The use of monitoring within the metaverse will need to be considered. Employers will need to find a balance between monitoring employee activity with the employees' right to privacy. In the UK, the duty of trust and confidence is an implied term of each employment contract but excess monitoring could breach this duty. To combat this issue employers should undertake a data protection impact assessment and ensure that any monitoring that does take place is proportionate, only used for legitimate reasons and where less intrusive measures are not possible.
Some of the above concepts are also applicable to the French and German perspective. Employees need privacy even if they are working in the metaverse but as monitoring is basically permanent, employers will need to carefully define monitoring in their policies. As a basic principle, monitoring should only be taking place during working hours.
In France and Germany, employers will also need to comply with the extensive rules under the General Data Protection Regulation (GDPR), with the UK having similar rules under the UK GDPR, such as the right to be informed, right to informational self-determination and respecting the boundaries between work and personal time. Fines and claims cannot be ruled out in this area and so employers should anticipate issues and bring policies into place in regards to monitoring in the metaverse.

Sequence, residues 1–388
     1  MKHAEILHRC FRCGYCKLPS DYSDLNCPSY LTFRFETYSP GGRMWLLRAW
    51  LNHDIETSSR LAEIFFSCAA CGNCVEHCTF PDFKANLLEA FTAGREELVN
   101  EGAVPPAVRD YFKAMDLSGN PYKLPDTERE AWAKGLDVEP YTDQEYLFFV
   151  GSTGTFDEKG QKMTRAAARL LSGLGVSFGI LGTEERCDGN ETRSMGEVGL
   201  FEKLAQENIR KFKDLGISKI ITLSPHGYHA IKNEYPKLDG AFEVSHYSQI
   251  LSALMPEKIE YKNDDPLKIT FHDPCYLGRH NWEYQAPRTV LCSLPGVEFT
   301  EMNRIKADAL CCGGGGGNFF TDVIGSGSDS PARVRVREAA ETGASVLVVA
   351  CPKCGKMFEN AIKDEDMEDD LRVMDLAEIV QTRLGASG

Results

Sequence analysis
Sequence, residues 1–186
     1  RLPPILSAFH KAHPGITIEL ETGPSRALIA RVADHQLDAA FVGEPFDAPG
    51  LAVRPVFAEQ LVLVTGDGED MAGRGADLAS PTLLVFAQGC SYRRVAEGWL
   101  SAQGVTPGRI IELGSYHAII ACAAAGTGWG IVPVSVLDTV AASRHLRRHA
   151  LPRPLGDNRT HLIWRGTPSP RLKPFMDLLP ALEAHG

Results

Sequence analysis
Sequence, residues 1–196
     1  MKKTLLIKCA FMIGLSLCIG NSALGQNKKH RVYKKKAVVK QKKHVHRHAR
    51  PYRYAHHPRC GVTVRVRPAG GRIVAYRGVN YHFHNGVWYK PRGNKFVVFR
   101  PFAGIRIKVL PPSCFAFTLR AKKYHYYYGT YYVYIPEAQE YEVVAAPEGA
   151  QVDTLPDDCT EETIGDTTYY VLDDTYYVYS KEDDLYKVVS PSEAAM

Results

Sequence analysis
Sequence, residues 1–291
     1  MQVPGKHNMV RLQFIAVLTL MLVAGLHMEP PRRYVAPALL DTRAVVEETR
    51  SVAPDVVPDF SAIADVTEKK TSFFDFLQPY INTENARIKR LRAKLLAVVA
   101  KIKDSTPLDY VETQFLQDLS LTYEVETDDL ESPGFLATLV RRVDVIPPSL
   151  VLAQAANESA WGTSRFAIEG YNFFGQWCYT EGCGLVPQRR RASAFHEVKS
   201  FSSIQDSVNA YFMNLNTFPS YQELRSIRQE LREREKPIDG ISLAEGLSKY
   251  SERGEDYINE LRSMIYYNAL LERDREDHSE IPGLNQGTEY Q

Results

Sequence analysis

There are a number of potential areas of claim that employers might need to deal with, in particular, what will happen if an employee brings a harassment claim. If an avatar has capacity to make physical gestures and facial expressions - could these translate to harassment in the metaverse? Can the current legislation be extended to include avatars?
In the UK, what will happen if an avatar has different protected characteristics (PC) under the Equality Act 2010 to the employee and the harassment is based on the avatar's PCs and not those of the employee? In addition, as the metaverse has originated from game play there is a risk that employees do not consider conduct in the metaverse in the same way as real life. To overcome these issues, employers should make sure they set out policies and educate their employees on what constitutes acceptable behaviour in the metaverse.
A further issue to consider in the UK is vicarious liability and the extent that employers will be liable for the wrongdoings of their employees in the metaverse. It is likely that this will depend on the business activities of the employer in the metaverse and a line will need to be drawn between what conduct an employer is responsible for and what conduct they are not.
Osborne Clarke comment
Work in the metaverse is likely to bring a variety of new issues for employers to consider and the burden between private and personal life will be difficult to assess. The workplace will no longer just be the office and employers should start to prepare for the additional responsibilities this will bring.
Trainee Solicitor Liz Foley helped write this insight.